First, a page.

Long-Term Potentiation (LTP) is a kind of synaptic plasticity that many contemporary neuroscientists believe is a component in mechanisms of memory. This essay describes the discovery of LTP and the development of the LTP research program. The story begins in the 1950's with the discovery of synaptic plasticity in the hippocampus (a medial temporal lobe structure now associated with memory), and it ends in 1973 with the publication of three papers sketching the future course of the LTP research program. The (...) making of LTP was a protracted affair. Hippocampal synaptic plasticity was initially encountered as an experimental tool, then reported as a curiosity, and finally included in the ontic store of the neurosciences. Early researchers were not investigating the hippocampus in search of a memory mechanism; rather, they saw the hippocampus as a useful experimental model or as a structure implicated in the etiology of epilepsy. The link between hippocampal synaptic plasticity and learning or memory was a separate conceptual achievement. That link was formulated in at least three different ways at different times: reductively (claiming that plasticity is identical to learning), analogically (claiming that plasticity is an example or model of learning), and mechanistically (claiming that plasticity is a component in learning or memory mechanisms). The hypothesized link with learning or memory, coupled with developments in experimental techniques and preparations, shaped how researchers understood LTP itself. By 1973, the mechanistic formulation of the link between LTP and memory provided an abstract framework around which findings from multiple perspectives could be integrated into a multifield research program. (shrink)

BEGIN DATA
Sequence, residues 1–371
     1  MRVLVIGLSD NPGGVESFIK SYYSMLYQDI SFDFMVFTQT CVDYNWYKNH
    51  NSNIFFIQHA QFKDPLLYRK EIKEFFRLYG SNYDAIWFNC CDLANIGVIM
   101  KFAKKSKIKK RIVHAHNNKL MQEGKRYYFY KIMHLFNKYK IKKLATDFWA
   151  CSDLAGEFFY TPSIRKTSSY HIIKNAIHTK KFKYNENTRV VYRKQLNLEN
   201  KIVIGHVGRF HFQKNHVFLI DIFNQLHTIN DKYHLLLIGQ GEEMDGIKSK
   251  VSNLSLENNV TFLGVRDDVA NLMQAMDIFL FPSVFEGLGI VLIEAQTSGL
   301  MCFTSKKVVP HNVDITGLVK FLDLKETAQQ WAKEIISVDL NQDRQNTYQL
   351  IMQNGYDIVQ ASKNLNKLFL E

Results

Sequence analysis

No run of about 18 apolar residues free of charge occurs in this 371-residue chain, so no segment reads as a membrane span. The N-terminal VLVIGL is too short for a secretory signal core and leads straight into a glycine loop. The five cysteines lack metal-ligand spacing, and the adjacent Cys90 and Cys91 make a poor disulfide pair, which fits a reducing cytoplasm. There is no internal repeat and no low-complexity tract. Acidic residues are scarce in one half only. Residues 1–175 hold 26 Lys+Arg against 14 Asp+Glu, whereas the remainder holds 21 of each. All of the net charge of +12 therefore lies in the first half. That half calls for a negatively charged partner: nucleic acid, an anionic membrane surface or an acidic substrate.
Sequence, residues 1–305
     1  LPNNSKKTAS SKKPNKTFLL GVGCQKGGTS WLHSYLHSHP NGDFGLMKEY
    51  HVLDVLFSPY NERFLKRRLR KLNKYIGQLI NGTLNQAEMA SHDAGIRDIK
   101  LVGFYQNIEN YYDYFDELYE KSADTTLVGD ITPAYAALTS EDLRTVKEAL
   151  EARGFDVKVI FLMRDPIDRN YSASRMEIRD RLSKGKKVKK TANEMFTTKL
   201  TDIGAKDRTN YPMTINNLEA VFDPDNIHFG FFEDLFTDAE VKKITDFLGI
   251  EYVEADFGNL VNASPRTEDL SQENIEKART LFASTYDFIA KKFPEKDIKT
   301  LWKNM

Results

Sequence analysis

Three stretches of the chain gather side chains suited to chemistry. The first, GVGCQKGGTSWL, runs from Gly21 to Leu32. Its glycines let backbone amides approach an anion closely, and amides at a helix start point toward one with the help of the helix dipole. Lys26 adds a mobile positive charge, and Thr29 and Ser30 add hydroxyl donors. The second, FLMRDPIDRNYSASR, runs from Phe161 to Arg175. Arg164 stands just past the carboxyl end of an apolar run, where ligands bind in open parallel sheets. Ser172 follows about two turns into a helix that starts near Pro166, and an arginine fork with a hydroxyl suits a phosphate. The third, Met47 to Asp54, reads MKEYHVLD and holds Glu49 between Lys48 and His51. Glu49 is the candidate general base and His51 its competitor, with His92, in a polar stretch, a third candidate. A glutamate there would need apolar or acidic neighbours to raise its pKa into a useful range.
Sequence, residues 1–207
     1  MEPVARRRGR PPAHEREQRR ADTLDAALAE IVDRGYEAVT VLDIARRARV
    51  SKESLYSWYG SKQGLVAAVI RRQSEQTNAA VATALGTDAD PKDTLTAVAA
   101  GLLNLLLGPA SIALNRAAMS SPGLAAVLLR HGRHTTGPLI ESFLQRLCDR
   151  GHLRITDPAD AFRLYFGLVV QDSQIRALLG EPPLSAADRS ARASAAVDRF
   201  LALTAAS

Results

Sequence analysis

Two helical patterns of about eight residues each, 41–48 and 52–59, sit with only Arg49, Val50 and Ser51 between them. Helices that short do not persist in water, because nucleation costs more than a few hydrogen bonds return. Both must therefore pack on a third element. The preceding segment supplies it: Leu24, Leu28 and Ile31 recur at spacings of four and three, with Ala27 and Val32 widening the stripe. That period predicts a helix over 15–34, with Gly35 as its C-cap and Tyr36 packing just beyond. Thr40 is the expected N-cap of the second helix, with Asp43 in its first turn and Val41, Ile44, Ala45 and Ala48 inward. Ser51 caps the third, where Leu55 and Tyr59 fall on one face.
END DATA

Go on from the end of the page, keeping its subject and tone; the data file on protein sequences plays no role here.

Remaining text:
The mind's arrows , by Clark Glymour, combines several of the author's previous essays on causal inference. Glymour deploys causal Bayes nets (CBNs) to provide a descriptive psychological model of human causal inference and a prescriptive model for making inferences in cognitive neuropsychology and the social sciences. Though The mind's arrows is highly original and provocative, its labyrinthine organization and technical style render it inaccessible to the uninitiated. Here we attempt to distill, package and dress some of Glymour's more interesting (...) theses. We note that the psychological model is developed with minimal attention to evidence concerning human causal inference and that his prescriptive models fail to do justice either to the many sources of evidence in cognitive neuropsychology or to the serious challenges of making causal inferences in the social sciences. Considerable work remains to be done to complete Glymour's ambitious projects and to clearly communicate them to others. (shrink)
Many areas of science develop by discovering mechanisms and role functions. Cummins' (1975) analysis of role functions-according to which an item's role function is a capacity of that item that appears in an analytic explanation of the capacity of some containing system-captures one important sense of "function" in the biological sciences and elsewhere. Here I synthesize Cummins' account with recent work on mechanisms and causal/mechanical explanation. The synthesis produces an analysis of specifically mechanistic role functions, one that uses the characteristic (...) active, spatial, temporal, and hierarchical organization of mechanisms to add precision and content to Cummins' original suggestion. This synthesis also shows why the discovery of role functions is a scientific achievement. Discovering a role function (i) contributes to the interlevel integration of multilevel mechanisms, and (ii) provides a unique, contextual variety of causal/mechanical explanation. (shrink)
The concept of mechanism is analyzed in terms of entities and activities, organized such that they are productive of regular changes. Examples show how mechanisms work in neurobiology and molecular biology. Thinking in terms of mechanisms provides a new framework for addressing many traditional philosophical issues: causality, laws, explanation, reduction, and scientific change.